Patients with neurological disorders (cerebral palsy, myelomeningocele), hip dysplasia, and previous foot surgery were excluded. There was no selection or exclusion based upon the clinical assessment of clubfoot severity. Normal control children were recruited from among infants undergoing US examinations for other reasons. Written informed consent was obtained from all of the children’s caregivers. Examinations were performed by one of three experienced pediatric sonologists, using a Sequoia 512 system (Siemens Medical Solutions, Mountain View, Calif.) with a high-frequency linear array probe with a 26-mm footprint operating at 8–15 MHz (depending on patient size and image quality). The US examination was performed as a bimanual examination by one operator. Cine loops were occasionally helpful in uncooperative patients, and a foot pedal was used (and is essential) for image capture. Image display during the examination was the same for both feet in the oblique medial coronal planes (proximal to the left, distal to the right), and with consistent anatomic (left/right) relationships in the transverse plane. The examination was designed to evaluate the foot in four planes: oblique medial coronal, dorsal longitudinal,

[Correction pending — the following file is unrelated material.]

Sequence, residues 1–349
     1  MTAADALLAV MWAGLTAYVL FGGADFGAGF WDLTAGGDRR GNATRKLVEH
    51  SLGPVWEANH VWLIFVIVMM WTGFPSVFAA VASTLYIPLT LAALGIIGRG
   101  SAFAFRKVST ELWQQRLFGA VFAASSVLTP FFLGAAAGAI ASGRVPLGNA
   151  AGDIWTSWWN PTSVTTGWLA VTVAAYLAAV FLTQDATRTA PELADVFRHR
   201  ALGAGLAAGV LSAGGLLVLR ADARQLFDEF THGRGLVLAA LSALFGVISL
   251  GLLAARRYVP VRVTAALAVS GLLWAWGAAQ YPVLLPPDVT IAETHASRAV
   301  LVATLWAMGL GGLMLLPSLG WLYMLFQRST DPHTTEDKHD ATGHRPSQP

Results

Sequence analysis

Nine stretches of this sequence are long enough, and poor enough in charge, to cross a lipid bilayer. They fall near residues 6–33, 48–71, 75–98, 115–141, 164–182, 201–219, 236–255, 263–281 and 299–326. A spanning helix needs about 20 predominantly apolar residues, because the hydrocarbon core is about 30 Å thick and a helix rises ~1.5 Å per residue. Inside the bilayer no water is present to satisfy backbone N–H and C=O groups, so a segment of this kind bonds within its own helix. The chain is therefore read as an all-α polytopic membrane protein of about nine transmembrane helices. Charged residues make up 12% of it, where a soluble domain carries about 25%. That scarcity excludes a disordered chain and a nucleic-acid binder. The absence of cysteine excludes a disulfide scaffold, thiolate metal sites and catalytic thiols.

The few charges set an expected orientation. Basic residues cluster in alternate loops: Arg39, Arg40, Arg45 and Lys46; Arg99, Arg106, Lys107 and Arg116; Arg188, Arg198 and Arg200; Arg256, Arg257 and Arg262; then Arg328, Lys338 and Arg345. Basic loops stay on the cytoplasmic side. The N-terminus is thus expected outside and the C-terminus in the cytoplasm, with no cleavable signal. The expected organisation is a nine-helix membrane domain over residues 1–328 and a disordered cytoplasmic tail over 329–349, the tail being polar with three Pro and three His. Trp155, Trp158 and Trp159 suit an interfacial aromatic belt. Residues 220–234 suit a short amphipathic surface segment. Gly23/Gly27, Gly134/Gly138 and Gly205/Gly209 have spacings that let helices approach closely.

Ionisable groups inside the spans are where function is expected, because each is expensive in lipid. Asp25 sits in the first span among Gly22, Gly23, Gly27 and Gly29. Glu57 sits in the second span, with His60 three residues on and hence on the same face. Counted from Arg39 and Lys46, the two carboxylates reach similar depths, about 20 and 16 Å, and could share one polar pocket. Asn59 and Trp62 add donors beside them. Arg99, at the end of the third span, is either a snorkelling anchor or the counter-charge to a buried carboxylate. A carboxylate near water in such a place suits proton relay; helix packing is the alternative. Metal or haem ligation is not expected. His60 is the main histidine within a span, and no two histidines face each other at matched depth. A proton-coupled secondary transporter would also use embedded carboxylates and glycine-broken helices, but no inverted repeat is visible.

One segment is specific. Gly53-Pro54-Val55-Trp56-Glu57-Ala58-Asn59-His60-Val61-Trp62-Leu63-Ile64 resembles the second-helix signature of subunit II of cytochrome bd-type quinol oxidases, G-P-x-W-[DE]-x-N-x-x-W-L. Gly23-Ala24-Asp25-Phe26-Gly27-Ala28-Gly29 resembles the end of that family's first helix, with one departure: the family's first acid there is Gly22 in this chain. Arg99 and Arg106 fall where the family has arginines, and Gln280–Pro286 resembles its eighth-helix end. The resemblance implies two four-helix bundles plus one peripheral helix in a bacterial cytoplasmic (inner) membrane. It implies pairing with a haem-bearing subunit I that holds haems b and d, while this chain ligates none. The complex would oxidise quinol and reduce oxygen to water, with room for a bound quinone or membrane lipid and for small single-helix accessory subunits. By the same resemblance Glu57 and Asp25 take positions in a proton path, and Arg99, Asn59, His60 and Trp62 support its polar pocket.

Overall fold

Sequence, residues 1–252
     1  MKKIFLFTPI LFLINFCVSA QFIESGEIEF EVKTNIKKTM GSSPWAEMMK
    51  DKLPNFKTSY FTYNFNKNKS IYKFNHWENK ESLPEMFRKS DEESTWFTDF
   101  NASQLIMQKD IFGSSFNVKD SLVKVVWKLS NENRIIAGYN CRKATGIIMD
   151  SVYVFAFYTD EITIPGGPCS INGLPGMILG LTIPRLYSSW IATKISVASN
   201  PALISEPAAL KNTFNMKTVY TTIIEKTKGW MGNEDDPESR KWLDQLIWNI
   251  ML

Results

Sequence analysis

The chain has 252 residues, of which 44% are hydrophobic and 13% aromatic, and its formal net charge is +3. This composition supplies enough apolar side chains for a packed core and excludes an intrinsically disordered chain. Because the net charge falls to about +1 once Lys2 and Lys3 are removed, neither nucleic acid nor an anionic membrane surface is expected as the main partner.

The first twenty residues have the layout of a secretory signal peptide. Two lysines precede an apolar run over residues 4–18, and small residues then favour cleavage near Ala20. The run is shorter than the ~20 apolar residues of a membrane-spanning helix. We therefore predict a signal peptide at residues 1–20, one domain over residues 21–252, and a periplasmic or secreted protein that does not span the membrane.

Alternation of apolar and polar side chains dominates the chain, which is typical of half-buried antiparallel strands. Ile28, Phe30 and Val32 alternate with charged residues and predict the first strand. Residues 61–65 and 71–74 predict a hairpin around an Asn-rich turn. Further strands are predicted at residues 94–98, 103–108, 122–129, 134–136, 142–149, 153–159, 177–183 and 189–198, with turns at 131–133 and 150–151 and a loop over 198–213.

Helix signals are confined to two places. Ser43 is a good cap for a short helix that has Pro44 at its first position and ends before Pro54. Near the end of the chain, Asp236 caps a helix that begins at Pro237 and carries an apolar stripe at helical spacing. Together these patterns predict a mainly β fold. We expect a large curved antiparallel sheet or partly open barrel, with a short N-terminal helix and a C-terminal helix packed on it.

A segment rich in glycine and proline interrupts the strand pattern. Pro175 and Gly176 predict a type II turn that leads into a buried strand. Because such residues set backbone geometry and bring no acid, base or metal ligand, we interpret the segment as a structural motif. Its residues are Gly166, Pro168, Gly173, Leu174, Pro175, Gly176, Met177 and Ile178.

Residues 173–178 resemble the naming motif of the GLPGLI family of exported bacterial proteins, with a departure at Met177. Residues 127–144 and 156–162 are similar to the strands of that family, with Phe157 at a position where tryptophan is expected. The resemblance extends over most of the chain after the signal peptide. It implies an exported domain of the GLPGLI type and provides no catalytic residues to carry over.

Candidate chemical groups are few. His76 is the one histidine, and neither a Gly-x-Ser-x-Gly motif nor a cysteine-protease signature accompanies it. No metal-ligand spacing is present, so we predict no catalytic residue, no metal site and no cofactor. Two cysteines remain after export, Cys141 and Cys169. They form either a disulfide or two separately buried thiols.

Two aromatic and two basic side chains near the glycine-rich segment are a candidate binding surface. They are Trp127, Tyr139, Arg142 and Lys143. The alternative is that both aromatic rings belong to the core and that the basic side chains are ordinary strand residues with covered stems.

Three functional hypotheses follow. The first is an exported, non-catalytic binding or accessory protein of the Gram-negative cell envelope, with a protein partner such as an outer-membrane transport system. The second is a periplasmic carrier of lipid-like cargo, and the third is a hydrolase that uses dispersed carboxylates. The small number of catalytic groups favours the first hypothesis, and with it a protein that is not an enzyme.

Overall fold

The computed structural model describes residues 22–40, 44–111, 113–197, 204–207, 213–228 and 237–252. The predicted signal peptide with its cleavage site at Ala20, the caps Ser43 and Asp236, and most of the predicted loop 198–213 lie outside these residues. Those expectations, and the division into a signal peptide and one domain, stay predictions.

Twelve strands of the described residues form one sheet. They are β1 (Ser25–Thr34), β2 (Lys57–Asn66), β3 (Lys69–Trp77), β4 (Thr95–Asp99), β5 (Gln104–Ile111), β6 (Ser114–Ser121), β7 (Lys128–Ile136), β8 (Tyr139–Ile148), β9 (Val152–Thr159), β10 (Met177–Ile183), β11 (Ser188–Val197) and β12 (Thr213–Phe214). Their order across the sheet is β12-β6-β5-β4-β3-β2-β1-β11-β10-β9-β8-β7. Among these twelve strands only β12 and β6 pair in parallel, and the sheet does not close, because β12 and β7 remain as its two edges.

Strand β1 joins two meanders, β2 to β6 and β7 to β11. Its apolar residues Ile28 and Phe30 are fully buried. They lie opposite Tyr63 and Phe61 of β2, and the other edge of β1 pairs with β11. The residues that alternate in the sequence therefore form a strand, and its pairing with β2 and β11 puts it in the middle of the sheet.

Pediatr Radiol (2007) 37:1118–1124

Fig. 2 Dynamic oblique medial coronal views. a Diagrammatic depiction of the oblique medial coronal view performed in the neutral position. The dark line represents the transducer face applied to the medial aspect of the midfoot. b Patient photograph of the oblique medial coronal view performed in the neutral position. c Diagrammatic depiction of the oblique medial coronal view in abduction. d Patient photograph of the oblique medial coronal view performed in abduction

dorsal transverse, and lateral coronal. The images acquired for quantitative analysis of tightness or restriction of the medial complex were oblique medial coronal views from the medial malleolus across the talus to the medial tubercle of the navicular, and were obtained with the foot in the neutral position, in maximal adduction, and then in maximal abduction using a simulated Ponseti maneuver (Fig. 2). Care was taken not to introduce any artificial dorsiflexion or plantar flexion, which can occur when performing the Ponseti maneuver with one hand. Measurements were made from the cartilaginous surface of the Fig. 3 Clubfoot ligamentous gristle. a Diagrammatic representation of ligamentous gristle with both tibiotalar and tibionavicular components. b Medial oblique coronal sonogram demonstrates the gristle (arrow) extending from the medial malleolus (MM) to the navicular (N)

medial malleolus to the medial navicular (MMN distance) in all three positions. In the oblique medial coronal view, the degree of medial navicular–talar subluxation was assessed, and recorded as a percentage of the body of the subluxated navicular bone. Images for qualitative assessment included morphologic evaluation of the navicular bone and calcaneocuboid joint. Lateral coronal images of the calcaneocuboid joint were coronal images obtained in the neutral position, in maximum abduction, and in adduction. Dorsal longitudinal and transverse images of the navicular were obtained at the talonavicular joint.